Popular Protest in Post War Japan: The Antiwar Art of Shikoku Gorō

Legacy of Angry Jizo

Like Shikoku, Yamaguchi was already a well-established and experienced antinuclear and antiwar activist by the time she wrote Angry Jizo in the 1970s.  In the 1950s, Yamaguchi engaged in public advocacy for hibakusha, but increasingly became a prominent figure in local and national antiwar and antinuclear groups. She  joined a Hiroshima group “Mothers Against the Bomb” along with other prominent writers such as Kurihara Sadako.
 Yamaguchi stepped forth in 1963 as a leader in the Spiritual Adoption project that provided economic and spiritual support to children orphaned in the atomic bombings. She argued that Japanese people should make their own version of the Occupation-era Moral Adoption project originally spearheaded by American journalist Norman Cousins.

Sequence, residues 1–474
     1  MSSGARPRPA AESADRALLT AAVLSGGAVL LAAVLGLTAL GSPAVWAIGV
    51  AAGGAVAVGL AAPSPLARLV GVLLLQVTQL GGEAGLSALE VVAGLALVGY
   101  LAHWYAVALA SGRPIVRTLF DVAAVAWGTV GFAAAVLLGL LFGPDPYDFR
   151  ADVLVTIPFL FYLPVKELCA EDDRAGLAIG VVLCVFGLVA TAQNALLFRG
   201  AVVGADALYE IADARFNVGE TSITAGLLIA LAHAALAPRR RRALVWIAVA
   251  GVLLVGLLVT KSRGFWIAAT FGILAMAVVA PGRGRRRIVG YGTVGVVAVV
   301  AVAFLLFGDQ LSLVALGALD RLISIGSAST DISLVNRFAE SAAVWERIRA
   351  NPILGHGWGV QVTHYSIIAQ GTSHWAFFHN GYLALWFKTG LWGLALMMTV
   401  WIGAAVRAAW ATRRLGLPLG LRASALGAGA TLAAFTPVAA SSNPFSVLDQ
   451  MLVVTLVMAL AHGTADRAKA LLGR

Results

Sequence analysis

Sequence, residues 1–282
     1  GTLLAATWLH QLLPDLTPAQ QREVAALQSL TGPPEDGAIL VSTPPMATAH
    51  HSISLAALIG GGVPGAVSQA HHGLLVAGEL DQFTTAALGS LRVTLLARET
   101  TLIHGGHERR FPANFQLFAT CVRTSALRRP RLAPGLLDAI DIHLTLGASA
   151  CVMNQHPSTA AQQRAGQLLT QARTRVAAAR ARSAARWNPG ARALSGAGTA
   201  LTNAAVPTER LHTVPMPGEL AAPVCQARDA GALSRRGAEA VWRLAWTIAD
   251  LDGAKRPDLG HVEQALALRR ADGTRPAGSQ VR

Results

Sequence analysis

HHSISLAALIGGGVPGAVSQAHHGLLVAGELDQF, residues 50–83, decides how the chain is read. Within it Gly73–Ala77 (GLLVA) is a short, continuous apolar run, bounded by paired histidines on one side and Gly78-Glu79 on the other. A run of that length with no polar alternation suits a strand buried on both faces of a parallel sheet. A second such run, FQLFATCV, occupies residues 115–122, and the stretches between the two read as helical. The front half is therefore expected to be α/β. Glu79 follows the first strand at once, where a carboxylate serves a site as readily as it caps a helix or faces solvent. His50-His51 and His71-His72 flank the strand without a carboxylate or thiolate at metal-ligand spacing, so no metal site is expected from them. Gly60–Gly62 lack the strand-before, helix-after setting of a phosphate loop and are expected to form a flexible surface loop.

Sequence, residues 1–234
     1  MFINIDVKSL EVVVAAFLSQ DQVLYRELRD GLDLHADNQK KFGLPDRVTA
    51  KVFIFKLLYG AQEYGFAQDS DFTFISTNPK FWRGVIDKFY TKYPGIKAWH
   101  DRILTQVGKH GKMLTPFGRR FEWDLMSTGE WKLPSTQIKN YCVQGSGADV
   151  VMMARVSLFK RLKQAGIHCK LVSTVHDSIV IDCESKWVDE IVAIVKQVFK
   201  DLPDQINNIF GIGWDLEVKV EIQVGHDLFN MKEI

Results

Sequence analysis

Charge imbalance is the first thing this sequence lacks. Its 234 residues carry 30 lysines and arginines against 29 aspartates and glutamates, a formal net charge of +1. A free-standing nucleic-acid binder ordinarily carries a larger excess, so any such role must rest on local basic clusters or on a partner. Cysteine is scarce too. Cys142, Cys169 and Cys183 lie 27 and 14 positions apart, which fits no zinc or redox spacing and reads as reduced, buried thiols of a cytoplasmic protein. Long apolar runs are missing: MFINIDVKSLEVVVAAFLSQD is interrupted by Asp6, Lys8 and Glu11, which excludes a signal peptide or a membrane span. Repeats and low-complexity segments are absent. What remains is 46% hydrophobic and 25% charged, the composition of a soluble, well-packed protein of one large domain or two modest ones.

Yamaguchi, Shikoku, and other leftist activists persisted in their leftist and Communist Party affiliations despite attacks by rightest and mainstream politicians and media. In the 1970s, conservative politicians bashed the Japan Teachers Union (Nikkyōso), and public school textbooks that contained antiwar or antinuclear content as leftist or communist-influenced. The Angry Jizo was one of several books harshly criticized.  

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